On March 30, the House of Representatives approved a sweeping energy package that could save the average American household thousands of dollars per year in energy expenses. This includes the costs of home heating and cooling, the fuel we pump into our cars, and the batteries that power our cellphones and computers.
The Lower Energy Costs Act, designated HR 1, would sharply increase domestic production of oil, natural gas and coal while easing permitting restrictions that delay pipelines, refineries and other projects — delays that sometimes stretch for more than a decade.
The measure would also boost the production of critical minerals such as lithium, nickel and cobalt that are used in electric vehicles, computers, cellphones, household appliances and other modern products.
By a 225-204 vote, the House sent the measure to the Democratic-controlled Senate. Obviously, the bill could fall prey to partisan politics and die, but Americans across all walks of life should hope that it doesn’t. Here’s why: Our current energy situation is a disaster.
Supply chains are still recovering from the effects of the COVID-19 pandemic, and American families and businesses continue to struggle with inflated energy and commodity prices. The sky-high cost of energy represents a hidden tax that hurts all Americans, particularly those at the lower end of the economic ladder.
I believe that lowering the costs of energy for Americans is not only good economic policy but also a moral imperative for our nation’s leaders. According to one estimate, 16% of U.S. households experience energy poverty. These vulnerable households spend roughly 6% of household income on energy consumption needs. In addition, more than 5.2 million households above the federal poverty line also face hardship because of rising energy costs.
The measure attempts to streamline processes that impede, obfuscate or prevent our ability to develop hydrocarbons and renewable projects alike. It also clears a way for private industry to mine rare earth minerals that are desperately needed for national defense and tech innovation.
Finally, it reforms arguably one of the most arcane processes in modern government that have drifted far from the original legislative intent: the National Environmental Policy Act, or NEPA.
Delays in transportation projects, litigation against hydrocarbon development, and stymied construction of commercial nuclear energy facilities all come from the abuse of NEPA. There are those who exploit NEPA, often with little real regard for the environment, that are motivated to stop any kind of development, no matter how reasonable.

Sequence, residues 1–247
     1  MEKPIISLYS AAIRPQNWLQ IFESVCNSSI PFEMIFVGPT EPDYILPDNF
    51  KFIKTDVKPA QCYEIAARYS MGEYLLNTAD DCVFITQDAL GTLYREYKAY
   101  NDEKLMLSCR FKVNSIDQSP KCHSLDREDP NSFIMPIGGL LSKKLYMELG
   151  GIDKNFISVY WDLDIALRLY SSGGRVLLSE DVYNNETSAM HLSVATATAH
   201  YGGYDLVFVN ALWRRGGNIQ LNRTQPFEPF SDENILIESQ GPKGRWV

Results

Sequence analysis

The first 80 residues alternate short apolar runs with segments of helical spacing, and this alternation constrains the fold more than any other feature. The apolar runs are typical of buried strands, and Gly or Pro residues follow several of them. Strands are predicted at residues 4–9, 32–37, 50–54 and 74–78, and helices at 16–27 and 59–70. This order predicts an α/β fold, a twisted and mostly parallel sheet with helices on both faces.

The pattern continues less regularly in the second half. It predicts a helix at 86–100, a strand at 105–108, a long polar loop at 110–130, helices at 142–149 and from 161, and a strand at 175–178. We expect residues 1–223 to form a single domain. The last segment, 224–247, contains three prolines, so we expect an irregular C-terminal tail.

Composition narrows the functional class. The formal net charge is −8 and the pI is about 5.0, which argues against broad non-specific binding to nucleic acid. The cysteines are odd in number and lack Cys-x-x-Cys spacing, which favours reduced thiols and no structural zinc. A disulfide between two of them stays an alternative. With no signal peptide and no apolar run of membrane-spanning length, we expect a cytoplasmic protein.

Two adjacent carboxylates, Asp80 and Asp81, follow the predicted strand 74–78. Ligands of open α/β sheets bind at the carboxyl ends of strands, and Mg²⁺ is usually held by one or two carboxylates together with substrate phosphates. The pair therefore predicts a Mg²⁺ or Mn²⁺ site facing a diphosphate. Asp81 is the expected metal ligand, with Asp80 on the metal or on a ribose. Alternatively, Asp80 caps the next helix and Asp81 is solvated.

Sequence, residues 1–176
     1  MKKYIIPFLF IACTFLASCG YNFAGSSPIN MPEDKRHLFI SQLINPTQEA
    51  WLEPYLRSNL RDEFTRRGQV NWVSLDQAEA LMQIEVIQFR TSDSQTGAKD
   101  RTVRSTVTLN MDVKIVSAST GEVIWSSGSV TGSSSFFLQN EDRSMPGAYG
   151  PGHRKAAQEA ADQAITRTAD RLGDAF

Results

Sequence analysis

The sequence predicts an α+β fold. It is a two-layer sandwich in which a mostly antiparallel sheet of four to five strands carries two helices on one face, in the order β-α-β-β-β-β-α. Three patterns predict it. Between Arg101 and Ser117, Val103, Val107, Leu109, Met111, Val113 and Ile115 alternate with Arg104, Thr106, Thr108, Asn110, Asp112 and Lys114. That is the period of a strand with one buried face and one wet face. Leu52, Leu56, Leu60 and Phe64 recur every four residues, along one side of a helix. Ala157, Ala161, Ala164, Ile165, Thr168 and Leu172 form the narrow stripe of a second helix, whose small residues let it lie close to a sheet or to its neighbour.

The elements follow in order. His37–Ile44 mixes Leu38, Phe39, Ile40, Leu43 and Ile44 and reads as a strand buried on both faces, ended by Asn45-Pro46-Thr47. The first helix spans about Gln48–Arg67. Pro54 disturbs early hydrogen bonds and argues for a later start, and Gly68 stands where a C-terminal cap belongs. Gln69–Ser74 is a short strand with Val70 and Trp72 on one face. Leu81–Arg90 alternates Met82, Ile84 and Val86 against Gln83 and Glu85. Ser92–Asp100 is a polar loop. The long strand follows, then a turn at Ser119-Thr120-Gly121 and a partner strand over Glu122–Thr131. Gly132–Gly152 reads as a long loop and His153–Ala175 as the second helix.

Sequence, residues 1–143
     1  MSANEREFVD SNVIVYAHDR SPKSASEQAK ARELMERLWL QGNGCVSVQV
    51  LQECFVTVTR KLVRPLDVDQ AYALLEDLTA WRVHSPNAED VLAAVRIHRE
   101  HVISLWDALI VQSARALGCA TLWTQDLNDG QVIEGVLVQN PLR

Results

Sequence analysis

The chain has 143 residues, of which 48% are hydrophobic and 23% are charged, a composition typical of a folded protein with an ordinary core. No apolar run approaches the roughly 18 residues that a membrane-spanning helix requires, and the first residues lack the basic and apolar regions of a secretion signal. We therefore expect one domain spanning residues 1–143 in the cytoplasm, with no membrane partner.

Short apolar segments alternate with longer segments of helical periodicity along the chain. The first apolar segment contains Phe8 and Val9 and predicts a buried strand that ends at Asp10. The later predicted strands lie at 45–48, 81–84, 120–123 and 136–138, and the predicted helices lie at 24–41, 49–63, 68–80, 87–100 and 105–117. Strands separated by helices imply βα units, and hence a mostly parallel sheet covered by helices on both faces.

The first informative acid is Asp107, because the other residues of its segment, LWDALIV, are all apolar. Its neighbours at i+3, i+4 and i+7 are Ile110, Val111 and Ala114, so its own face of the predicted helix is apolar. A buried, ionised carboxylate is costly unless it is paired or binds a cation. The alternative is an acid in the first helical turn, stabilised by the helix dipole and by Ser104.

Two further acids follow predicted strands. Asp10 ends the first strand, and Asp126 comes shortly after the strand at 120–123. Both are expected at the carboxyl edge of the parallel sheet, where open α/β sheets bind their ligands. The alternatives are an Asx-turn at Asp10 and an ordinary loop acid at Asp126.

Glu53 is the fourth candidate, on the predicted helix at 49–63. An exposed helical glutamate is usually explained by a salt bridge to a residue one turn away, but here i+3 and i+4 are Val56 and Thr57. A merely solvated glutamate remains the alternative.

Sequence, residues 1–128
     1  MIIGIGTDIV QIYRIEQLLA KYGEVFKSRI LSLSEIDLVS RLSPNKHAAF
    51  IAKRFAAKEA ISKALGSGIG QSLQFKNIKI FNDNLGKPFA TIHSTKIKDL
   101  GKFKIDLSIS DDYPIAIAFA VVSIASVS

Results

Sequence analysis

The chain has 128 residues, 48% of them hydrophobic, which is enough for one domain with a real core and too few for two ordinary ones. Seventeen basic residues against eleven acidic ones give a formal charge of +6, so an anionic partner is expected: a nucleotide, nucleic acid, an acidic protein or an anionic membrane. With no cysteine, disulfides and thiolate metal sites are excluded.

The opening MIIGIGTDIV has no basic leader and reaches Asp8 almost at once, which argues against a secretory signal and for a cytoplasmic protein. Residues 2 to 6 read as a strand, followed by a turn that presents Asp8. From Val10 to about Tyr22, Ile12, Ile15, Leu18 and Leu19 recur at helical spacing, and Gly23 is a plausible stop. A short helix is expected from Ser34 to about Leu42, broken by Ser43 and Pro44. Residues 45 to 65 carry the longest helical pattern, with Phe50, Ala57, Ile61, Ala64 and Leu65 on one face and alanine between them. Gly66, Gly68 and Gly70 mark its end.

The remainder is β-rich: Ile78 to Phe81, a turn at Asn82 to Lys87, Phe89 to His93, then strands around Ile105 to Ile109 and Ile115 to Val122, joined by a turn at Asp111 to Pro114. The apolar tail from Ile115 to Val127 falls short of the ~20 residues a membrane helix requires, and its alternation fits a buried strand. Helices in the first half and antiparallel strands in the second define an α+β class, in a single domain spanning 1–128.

I volunteer with the Foundation for Research on Equal Opportunity, a nonprofit policy research organization that seeks to expand economic opportunity to those who least have it, using the tools of individual liberty, free enterprise, technological innovation and pluralism.
We care deeply about the real-world impact of proposed policy measures on those most vulnerable in our society, and we seek out ways to unleash sustainable, market-oriented approaches to helping them.
That’s why we have studied the Lower Energy Costs Act so carefully. For a full analysis of why its provisions are so important, please see my published deep-dive analysis.
I am not naive about the rough and tumble of the political process. Indeed, you might say it has, in some ways, been the family business for me.
So, I get that the bill faces a tough road, but that road doesn’t have to be a dead end. While not every detail of the 200-page bill will pass, I genuinely believe there is a path forward for many of its main sections to become law.
Making that happen will take key leaders of both the House and Senate coming together to put the needs of the American people first.
And the key to making that happen is for the citizenry — especially those who want to do what’s best for working-class Americans — to let our representatives in Washington know they need to get serious about lowering energy cost burdens by supporting the energy bill.
To read the entire Washington Times article, please click here.